According to this Facebook note from DOT Usec. for Plannning and Promotions Enteng Romano, all you have to do is email the agency's tourism information officer, Evelyn Macayayong at this address: email@example.com "and express your desire to volunteer." The rest of the steps are there.
(This is the current web site of the DOT. I'm batting for the retention of its URL www.tourism.gov.ph, primarily bec. it's one of the first few sites that shows up in search results when one googles, "Philippines tourism" or "Philippines travel." No one googles for "beautiful philippines" or "beautiful pilipinas" unless you're searching for a porn site.)
My own suggestion to DOT Sec. Alberto Lim is that perhaps we could just keep the old "www.tourism.gov.ph" address because when a traveler googles about a country he wants to visit, what are the first words he uses? It's usually "tourism" and "the country's name". When you put "Philippines tourism" or "Philippines travel", DOT's current web site pops up. If it isn't the first on the search results list, it's the fifth or sixth result.
All DOT has to do, is to spruce it up - remove that photo and brief remarks of Sec. Lim, no offense, then put all the great touristy photos it has in its file, and of course, serve up well-written stories. I am actually thinking of contributing some of my past travel stories which they can use to point to major destinations.
My own beef w/ the current web site is it asks for passwords when you want to get more tourism statistics. If you are like me, who works for a business paper, statistics count a lot in our stories. And we can hardly complete our pieces, unless we have updated data onhand. So I've requested travel blogger Ivan Henares - who has already personally volunteered to help DOT fill up content on its new web site – to kindly remind the DOT execs to update their official data periodically.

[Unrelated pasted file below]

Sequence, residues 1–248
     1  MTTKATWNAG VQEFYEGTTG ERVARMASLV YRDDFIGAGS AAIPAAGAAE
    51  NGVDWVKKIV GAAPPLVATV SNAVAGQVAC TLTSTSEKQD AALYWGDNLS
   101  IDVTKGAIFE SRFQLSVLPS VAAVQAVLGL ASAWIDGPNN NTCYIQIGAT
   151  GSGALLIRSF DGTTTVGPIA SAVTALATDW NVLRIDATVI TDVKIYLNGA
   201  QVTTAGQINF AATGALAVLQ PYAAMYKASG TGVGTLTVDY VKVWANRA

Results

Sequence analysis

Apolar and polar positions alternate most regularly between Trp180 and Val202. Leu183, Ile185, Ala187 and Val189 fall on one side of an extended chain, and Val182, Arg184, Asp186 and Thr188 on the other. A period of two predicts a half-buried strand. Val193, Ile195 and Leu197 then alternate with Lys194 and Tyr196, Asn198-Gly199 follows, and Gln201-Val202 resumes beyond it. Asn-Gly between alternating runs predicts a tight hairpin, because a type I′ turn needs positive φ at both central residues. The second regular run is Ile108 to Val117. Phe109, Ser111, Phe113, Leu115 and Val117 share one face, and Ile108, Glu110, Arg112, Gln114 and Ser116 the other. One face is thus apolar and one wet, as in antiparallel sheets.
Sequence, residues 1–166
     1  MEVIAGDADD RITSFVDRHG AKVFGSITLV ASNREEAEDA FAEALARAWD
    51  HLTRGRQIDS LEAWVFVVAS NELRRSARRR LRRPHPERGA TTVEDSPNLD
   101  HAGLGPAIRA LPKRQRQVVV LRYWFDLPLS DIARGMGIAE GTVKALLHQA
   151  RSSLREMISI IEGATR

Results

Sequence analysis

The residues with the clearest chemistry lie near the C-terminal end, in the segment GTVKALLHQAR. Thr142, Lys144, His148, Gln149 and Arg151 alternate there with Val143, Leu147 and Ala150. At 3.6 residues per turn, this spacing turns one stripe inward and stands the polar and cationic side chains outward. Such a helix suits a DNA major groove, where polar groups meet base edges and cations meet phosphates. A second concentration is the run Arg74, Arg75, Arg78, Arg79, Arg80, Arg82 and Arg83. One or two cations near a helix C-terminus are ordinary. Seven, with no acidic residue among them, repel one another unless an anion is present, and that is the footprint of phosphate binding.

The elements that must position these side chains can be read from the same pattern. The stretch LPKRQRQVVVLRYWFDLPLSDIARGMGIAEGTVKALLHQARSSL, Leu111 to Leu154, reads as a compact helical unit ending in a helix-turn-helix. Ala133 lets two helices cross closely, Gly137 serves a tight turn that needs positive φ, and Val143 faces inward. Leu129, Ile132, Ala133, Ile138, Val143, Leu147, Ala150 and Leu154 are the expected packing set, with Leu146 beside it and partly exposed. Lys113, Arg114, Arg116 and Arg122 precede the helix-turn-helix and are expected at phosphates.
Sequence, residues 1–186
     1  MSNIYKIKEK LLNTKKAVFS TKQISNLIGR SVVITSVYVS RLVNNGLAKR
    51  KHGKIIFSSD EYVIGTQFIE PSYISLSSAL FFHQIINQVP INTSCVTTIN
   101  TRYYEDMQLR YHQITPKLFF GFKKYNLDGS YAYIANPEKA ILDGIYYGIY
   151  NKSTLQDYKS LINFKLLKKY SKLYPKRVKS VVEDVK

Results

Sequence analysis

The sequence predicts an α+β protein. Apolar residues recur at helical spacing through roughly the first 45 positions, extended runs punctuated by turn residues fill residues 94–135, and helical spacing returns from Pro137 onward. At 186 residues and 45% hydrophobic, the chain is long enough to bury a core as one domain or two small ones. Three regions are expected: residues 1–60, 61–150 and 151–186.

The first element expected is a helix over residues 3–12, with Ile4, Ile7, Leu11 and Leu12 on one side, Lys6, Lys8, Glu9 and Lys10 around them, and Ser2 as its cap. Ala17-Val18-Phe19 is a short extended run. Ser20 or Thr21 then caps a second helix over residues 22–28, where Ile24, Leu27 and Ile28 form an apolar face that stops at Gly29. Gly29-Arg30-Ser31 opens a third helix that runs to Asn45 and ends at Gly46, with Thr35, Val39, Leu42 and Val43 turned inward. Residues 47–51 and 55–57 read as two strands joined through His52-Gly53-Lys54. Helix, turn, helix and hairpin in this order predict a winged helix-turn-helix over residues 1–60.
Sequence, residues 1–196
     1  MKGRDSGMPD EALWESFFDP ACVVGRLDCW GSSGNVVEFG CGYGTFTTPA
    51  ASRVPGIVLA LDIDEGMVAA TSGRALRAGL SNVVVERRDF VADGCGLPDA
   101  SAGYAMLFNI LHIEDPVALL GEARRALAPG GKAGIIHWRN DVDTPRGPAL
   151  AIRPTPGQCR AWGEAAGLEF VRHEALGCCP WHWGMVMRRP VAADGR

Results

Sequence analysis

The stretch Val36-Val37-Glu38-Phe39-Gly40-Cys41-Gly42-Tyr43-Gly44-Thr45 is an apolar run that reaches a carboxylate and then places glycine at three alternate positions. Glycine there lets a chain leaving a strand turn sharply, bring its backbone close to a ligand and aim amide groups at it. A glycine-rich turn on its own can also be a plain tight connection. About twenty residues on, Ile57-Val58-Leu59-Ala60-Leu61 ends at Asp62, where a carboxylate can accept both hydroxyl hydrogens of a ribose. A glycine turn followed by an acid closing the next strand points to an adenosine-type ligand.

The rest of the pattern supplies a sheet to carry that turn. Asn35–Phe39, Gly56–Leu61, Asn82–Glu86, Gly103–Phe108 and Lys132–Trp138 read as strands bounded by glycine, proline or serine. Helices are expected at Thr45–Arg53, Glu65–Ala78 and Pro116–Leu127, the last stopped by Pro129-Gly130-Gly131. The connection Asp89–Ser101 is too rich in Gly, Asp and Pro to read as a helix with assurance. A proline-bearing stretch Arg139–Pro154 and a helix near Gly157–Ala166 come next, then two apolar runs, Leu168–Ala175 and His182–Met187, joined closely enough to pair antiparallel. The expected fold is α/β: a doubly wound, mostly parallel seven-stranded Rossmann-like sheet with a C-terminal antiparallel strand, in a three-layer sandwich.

(This is the rest of the bleah stuff on the first page of DOT's current site, which was put up by the former dispensation. Not even one single photo of a tourist destination. While I love the former officials of the DOT - you know who you are - their website developer certainly lacks imagination and creativity.)
While many of us are disappointed with the decision of the DOT about the choice of its new marketing slogan "Pilipinas Kay Ganda", I appreciate Romano's owning up to his mistake re: the choice of the URL and apologizing for it. I find that he is more open to criticism, unlike other DOT execs, which I think is the key in helping the agency move forward from this bungling.
Let's just all be reminded by that age-old adage: "Haste makes waste."
Read more of Romano's note:
I am responsible for the choice of www.beautifulpilipinas.com. We were about to give a preview of “Pilipinas Kay Ganda” as the tourism country brand, and I was looking for an appropriate URL that would be associated with the new brand.
I searched and looked at all possible permutations of “beautiful”, “philippines”, “pilipinas”, “is beautiful”, and this was the best name that was still available.
Now, if you were the one tasked to do this and you finally chose beautifulpilipinas.com, will you automatically check what beautifulfilipinas.com was, especially since it was not even one of your candidate choices? Honestly? I didn't and am sorry for it. (The rest at Vicente Romano III.)
Oh and btw, if you are tourism stakeholder – a hotel owner, marketing or sales person, general manager of a tourism establishment, travel agency owner, etc. - pls. don't hide behind your Facebook account and just keep on criticizing the DOT. Why not get together w/ your own colleagues, write down your concerns, and actually present these to Sec. Lim or U/Sec. Romano?
I love my friends in the tourism industry, but I wish that sometimes, you would really put your money where your mouth is. Stop hiding behind anonymous comments on blogs; just come right out and say what you mean and stick your name on it. After all, you are the guys who are most affected by all these changes in the DOT marketing campaign. Maybe it's time you speak up publicly or bring your concerns directly to the DOT leadership.